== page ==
5 Reasons You May Be Blaming Yourself For Your Spouse Cheating

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Heartbreak

Tell me the truth — do you find that you are blaming yourself after your spouse cheated?

Are you angry and sad and overwhelmed, but find that you are ultimately taking responsibility for the cheating that occurred?

Your partner is the one who cheated, but you're blaming yourself. And this self-blame is preventing you from moving forward in any direction, which isn’t healthy.

When your spouse cheats, it's natural to want to look for reasons why it happened and what you could have done differently.

However, deciding the blame lays entirely on you isn't beneficial for your mental and emotional state and will leave you feeling stuck, wondering how you could have changed the past.

So, why might you be blaming yourself after your spouse cheated? And how can you get past that self-blame and move forward into a healthy relationship?

RELATED: Why Do People Cheat? 5 Excuses People Give For Infidelity (That Are Total Lies)

Here are 5 reasons you're blaming yourself for your spouse cheated and how you can heal.

1. You feel rejected.

When you find out that your partner cheated, it's devastating. While there are many emotions at play, the predominant one is rejection — that you weren’t good enough.

For example, one woman thought that she and her husband were happy. They'd just returned from a vacation where they really enjoyed each other and were planning to take another.

Then she looked at his phone and saw messages from another woman. Yes, she was furious.

But at the same time, she immediately questioned why she wasn’t good enough for her husband. Why did he have to go seek love and affection somewhere else?

Was it because she worked too much, had gained some weight, or that she spent too much time with the kids? Was she no longer young or pretty enough?

What could she have done to have kept him interested enough that he wouldn’t have strayed?

Affairs happen for many reasons, but none of them is usually because of something that you did or didn’t have, that you did or didn’t do.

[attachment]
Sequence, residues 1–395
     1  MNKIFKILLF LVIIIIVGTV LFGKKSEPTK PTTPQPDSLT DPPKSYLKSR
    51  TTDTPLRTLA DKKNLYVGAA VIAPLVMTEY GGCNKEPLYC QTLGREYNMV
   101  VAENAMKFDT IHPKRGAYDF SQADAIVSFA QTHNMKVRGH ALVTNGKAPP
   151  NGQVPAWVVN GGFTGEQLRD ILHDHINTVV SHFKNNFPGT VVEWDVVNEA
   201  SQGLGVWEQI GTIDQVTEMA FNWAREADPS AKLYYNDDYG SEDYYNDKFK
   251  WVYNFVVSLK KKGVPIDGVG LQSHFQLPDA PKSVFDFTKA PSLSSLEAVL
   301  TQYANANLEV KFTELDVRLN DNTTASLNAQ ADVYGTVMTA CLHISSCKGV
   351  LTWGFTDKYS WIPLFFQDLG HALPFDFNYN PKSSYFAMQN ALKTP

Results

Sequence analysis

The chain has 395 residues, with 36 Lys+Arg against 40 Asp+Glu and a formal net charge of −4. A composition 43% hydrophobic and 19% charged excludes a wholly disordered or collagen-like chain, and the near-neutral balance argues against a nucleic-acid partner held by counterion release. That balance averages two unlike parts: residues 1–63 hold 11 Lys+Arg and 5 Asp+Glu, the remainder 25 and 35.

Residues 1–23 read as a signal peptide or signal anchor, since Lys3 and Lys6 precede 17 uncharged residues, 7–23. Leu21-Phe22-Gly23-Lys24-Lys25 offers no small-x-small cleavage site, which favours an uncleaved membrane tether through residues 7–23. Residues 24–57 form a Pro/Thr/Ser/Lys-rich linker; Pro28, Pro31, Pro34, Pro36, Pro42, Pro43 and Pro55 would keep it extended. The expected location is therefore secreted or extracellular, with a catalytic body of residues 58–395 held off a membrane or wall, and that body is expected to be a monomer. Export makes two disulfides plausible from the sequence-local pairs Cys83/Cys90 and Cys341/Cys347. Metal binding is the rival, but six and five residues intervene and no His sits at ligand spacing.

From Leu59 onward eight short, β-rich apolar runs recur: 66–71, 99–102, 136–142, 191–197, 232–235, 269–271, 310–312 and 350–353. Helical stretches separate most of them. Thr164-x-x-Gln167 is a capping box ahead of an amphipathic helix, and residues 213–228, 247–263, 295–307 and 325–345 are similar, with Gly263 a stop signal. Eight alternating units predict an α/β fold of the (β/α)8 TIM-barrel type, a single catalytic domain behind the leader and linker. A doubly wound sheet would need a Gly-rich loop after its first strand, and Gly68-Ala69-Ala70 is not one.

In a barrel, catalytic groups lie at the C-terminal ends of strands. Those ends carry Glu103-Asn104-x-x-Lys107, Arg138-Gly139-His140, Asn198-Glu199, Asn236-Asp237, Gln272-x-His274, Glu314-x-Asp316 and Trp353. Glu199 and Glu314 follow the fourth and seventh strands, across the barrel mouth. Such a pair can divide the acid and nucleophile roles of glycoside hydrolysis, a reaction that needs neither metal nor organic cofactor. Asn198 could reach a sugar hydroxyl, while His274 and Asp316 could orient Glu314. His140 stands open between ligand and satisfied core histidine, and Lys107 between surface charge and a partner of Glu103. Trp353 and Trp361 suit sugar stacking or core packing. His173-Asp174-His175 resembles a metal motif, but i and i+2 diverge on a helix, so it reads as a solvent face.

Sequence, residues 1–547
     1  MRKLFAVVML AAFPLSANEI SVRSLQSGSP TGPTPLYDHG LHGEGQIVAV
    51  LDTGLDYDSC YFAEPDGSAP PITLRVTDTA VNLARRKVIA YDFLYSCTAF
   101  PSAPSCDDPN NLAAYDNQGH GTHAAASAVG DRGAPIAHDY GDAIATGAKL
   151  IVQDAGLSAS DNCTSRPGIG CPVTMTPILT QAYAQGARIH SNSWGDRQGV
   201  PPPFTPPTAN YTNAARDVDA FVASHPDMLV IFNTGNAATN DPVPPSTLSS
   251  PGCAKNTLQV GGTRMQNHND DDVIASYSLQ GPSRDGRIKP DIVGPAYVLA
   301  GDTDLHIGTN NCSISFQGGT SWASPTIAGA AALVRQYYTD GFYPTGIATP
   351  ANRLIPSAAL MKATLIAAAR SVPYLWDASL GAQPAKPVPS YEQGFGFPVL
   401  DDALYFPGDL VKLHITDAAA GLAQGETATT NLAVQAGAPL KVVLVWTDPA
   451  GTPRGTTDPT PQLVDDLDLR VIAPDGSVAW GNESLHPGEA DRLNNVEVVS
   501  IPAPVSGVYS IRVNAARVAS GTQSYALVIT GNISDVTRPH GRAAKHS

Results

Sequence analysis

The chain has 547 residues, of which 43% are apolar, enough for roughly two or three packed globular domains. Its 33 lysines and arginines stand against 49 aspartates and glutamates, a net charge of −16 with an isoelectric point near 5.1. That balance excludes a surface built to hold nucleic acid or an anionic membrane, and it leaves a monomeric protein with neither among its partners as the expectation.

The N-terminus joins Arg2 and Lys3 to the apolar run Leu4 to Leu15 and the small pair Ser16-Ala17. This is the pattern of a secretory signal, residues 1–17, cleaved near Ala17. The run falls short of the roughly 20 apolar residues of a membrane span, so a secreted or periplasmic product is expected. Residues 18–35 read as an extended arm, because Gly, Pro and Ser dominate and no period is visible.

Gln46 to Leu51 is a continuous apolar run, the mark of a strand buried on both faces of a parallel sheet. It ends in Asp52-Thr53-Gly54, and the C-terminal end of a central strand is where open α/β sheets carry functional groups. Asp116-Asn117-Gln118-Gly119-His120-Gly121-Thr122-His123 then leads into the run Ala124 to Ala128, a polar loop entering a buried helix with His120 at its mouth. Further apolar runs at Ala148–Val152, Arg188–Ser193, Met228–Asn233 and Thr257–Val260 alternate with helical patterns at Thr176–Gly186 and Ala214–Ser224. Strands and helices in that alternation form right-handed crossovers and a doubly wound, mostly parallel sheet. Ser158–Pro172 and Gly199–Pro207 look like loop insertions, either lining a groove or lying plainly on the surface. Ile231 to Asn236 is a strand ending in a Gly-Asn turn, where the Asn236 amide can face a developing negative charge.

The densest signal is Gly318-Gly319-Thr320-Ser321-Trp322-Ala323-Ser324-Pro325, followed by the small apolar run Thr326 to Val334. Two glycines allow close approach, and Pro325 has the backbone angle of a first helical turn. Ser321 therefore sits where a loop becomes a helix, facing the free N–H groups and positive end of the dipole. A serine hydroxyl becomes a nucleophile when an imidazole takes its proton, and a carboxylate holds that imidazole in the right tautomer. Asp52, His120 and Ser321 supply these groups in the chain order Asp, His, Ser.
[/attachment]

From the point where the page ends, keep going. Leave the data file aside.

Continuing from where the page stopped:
People are attracted to each other for a variety of reasons, and attraction in affairs often has nothing to do with the original partner — it has to do with the bubble the cheaters find themselves in as their relationship developed.

It’s not what you didn’t have or do that caused the infidelity. It’s what existed in that relationship that caused the affair.

2. You feel gullible.

If you're honest with yourself, were there times when you wondered if there was something going on with your spouse?

Did you sense they were distant or not always properly accounting for their time or keeping their phone close? Did you notice those things but push the thoughts away as unthinkable?

Or maybe you truly had no sense that anything was off and learning of this infidelity has made you feel incredibly stupid for missing the signs?

Many of us do this. We don’t even consider that our partner might be unfaithful or we ignore red flags because we just don’t think our partner capable of cheating.

And, when we discover that our partner has cheated, we are mortified that we didn’t know and that the person who swore to love us forever willingly deceived us.

I can promise you that you aren’t gullible for not speaking up when you noticed signs. That you aren’t stupid for being totally unaware of what was happening behind your back.

You are a person in the world trying to get by, to be the best that you can be in a relationship, and to trust your partner to be true.

Your partner lied to you. They deceived you. This is not on you — it is on them!

RELATED: 6 Brutal Questions You’ll Ask Yourself After Being Cheated On (& The Answers)

3. Your trust was betrayed.

When you find out your partner cheated, you simply cannot conceive it to be true.

I mean, this is your person, the person who stood up in front of your friends and family and promised to love you forever. How could this person who you shared a life with for years betray you so completely?